The 1997 Centers for Disease Control and Prevention (CDC) report noted that “based on the findings of the case-control study, health authorities in Cleveland recommended prompt clean-up and disposal of all moldy materials in the water-damaged homes and have designed a prevention program focusing on water-damaged homes.” An editorial note that accompanied the report concluded, however, that further efforts were needed to identify what association, if any, existed between pulmonary hemorrhage in infants and exposure to water-damaged building materials.

In 1997, CDC convened an internal scientific taskforce and a panel of outside experts was chosen to review the possible association between pulmonary hemorrhage/hemosiderosis in infants and S. chartarum in the indoor environment (CDC External Expert Panel, 1999; CDC Working Group, 1999). The results of those independent investigations were reviewed in a 2000 issue of Morbidity and Mortality Weekly Report (CDC, 2000). The publication noted that both groups of reviewers considered that the interpretation of an epidemiologic association between household water damage and the Cleveland cases was hampered by a lack of consistent criteria for defining water damage, an absence of a standardized protocol for inspecting and gathering data on the presence of fungi in individual homes, a failure to distinguish between contamination and clinically significant exposure to fungi, and a failure to obtain isolates of or serologic evidence of exposure to fungi or mycotoxin from case-infants. Reviewers were also critical of the analytic methods used in the original study. The reported OR associating S. chartarum concentrations for each household was judged to be “unstable” in part because of inconsistent methods for sampling and a “potential misleading” strategy for matching cases and controls. The groups concluded that S. chartarum was not clearly associated with acute pulmonary hemorrhage or hemosiderosis in infants, because of issues concerning environmental sampling methods and statistical methods, the fact that sampling was not performed in a blinded fashion,7 and the small difference in the presence of culturable S. chartarum between water-damaged case and control homes.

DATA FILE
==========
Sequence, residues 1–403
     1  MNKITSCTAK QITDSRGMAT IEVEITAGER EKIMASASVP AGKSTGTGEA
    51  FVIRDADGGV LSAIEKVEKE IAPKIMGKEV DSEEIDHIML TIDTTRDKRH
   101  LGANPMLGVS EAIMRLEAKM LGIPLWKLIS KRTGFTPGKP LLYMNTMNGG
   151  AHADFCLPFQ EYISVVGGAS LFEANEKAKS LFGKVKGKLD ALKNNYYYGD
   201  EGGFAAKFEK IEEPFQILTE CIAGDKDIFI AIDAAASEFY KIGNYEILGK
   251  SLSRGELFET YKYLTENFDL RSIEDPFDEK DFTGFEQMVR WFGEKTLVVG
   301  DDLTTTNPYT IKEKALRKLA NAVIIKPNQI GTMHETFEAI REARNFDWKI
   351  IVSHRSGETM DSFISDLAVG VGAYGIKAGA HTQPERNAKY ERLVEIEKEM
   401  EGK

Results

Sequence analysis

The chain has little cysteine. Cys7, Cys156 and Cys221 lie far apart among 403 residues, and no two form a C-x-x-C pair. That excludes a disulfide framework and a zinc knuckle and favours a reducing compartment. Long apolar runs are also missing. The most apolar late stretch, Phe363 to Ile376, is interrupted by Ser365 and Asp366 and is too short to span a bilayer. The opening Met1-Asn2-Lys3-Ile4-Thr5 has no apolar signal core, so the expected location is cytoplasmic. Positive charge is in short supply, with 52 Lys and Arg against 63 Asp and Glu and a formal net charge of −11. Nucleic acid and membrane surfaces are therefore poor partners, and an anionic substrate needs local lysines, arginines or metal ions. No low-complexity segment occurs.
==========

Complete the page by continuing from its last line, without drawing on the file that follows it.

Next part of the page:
The Cleveland cases (and cases in a Chicago outbreak mentioned in the paper) appeared different from classically described idiopathic pulmonary hemosiderosis, and the term acute idiopathic pulmonary hemorrhage (in infants) (AIPH) was proposed to describe them (CDC, 2000). (CDC later proposed a case definition for “acute idiopathic pulmonary hemorrhage in infants,” or AIPHI [CDC, 2001].)

The CDC working group indicated that it did not reject a possible relationship between S. chartarum and AIPH in the Cleveland cluster (CDC External Expert Panel, 1999). However, the editorial note that accompanied the 2000 CDC report was highly critical of the original findings in the 1997 report and advised that conclusions regarding the possible association between cases of pulmonary hemorrhage/hemosiderosis in infants in Cleveland and household water damage or exposure to S. chartarum are not substantiated adequately by scientific evidence produced in the CDC investigation…. The associations should be considered not proven; the etiology of AIPH is unresolved.

In noting those shortcomings in the collection, analysis, and reporting of study data, the editorial note indicated that a number of actions would be taken by CDC, including

  • The continuing investigation of AIPH cases, particularly if clusters of such cases could be identified.
  • The standardization of protocols for data collection and environmental assessment to ascertain the possible association between AIPH and environmental etiologies, such as household water damage and exposure to S. chartarum and other fungi.